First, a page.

GM CEO: No Need to Cut Benefits to Retirees
January 8, 2009<br />
Wagoner made the remarks on NBC's Today Show, where he was joined by United Auto Workers President Ron Gettelfinger. The two made the appearance from Detroit ahead of their renewed labor negotiations scheduled to begin next week.
The $13.4 billion federal loan package granted to GM last month requires that the UAW make concessions and also demands that GM submit a restructuring plan to the government by March 31.
Wagoner said he is confident both sides will reach agreement on changes needed to the company's labor contract.
"I'm confident that we'll come together and get the kind of changes that we need," Wagoner said.
Gettelfinger said the union will ensure that "what we do is done in the best interest of our members as well as our retirees."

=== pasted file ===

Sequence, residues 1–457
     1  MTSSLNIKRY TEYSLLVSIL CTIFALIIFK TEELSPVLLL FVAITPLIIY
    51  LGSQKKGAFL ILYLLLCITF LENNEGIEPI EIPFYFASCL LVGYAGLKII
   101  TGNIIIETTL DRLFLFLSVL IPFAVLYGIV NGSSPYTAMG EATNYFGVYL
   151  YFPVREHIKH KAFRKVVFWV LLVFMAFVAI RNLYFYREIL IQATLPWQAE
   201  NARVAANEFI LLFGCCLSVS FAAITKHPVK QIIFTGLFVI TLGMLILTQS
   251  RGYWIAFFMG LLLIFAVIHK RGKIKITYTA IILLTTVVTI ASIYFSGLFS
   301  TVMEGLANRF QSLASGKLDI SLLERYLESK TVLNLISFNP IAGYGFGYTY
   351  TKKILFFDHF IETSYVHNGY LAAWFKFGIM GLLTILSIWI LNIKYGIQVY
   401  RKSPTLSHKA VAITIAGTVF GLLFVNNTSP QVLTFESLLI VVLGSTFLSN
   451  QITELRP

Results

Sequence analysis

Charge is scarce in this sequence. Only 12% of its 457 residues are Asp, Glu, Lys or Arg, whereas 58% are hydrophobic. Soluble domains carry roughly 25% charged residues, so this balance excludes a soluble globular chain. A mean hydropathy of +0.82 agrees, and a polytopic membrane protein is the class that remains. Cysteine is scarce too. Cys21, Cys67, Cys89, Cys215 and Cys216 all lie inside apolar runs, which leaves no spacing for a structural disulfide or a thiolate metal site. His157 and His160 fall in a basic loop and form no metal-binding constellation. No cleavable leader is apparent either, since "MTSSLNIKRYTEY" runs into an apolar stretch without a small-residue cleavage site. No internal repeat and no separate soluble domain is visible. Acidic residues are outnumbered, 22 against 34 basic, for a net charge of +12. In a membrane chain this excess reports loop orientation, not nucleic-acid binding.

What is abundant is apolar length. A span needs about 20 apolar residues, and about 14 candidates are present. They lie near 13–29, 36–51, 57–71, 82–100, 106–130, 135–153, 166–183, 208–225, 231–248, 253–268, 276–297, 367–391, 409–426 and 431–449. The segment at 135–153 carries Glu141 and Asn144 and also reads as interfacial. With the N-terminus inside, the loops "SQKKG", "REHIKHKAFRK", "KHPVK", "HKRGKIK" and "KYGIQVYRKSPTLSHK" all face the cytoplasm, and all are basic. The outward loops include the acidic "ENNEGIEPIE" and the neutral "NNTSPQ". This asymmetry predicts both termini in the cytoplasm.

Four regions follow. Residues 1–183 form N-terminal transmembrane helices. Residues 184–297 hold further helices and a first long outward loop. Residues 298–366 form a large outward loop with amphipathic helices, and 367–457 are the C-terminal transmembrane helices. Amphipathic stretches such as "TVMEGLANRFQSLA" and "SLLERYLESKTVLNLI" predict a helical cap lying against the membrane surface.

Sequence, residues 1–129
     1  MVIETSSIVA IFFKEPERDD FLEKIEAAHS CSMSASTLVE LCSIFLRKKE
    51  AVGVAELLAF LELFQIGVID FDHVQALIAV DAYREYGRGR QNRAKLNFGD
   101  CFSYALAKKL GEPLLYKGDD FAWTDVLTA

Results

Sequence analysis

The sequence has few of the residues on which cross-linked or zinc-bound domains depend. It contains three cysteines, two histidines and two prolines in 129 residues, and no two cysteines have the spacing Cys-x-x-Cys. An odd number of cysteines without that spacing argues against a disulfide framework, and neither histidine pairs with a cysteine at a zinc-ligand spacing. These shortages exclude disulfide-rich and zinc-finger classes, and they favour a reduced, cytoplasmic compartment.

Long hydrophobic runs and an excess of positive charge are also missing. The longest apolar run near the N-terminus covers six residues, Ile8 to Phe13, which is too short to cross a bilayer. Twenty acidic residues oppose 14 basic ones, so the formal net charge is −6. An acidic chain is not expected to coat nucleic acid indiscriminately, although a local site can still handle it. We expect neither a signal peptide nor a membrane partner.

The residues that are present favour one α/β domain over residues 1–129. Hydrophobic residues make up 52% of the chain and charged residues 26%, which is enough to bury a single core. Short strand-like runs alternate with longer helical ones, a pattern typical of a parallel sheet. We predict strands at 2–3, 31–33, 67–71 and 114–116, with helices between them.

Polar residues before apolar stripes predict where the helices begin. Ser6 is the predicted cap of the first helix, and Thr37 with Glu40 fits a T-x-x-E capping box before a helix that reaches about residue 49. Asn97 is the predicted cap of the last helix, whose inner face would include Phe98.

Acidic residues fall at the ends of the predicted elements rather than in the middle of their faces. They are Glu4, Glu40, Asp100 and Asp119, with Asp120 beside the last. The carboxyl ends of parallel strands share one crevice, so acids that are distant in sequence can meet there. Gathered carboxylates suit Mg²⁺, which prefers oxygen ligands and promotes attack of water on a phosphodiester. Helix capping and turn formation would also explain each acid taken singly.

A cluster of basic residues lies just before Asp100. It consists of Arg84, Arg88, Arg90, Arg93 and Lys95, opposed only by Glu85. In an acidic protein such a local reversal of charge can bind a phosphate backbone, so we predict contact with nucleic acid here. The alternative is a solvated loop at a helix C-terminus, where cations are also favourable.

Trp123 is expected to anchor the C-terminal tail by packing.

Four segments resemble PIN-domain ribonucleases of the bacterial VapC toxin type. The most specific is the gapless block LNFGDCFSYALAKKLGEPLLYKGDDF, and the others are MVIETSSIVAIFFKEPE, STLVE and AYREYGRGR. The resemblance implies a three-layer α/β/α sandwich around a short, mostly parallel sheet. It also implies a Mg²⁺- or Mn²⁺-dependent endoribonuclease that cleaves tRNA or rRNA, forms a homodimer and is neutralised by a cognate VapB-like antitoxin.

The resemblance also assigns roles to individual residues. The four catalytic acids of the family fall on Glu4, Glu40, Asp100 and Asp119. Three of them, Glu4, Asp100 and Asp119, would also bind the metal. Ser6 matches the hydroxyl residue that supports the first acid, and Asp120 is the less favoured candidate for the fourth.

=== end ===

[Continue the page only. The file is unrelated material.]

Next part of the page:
Wagoner added that the much-cited $10-an-hour wage difference between GM autoworkers and workers at U.S. plants owned by foreign automakers is overstated, saying "it may be a little on the high side." He said productivity at the company's factories is among the highest in North America.
Wagoner also said that despite criticism he faced at the time, he never considered resigning during the bailout hearings that took place in November and December, even if it would have improved the bailout's chance of passing. He also reiterated that GM had set aside discussions with rival Chrysler LLC about a possible merger.
The White House approved $4 billion in loans for Chrysler last month, with loans for both automakers being funded by the $700 billion Wall Street bailout package passed last year.
Both companies are struggling for survival in an industry that is in the midst of its worst sales slump in decades. On Monday, GM said its U.S. auto sales in December fell 31 percent while Chrysler's sales plunged 53 percent.
(Copyright 2009 Associated Press. All Rights Reserved. This material may not be published, broadcast, rewritten, or redistributed.)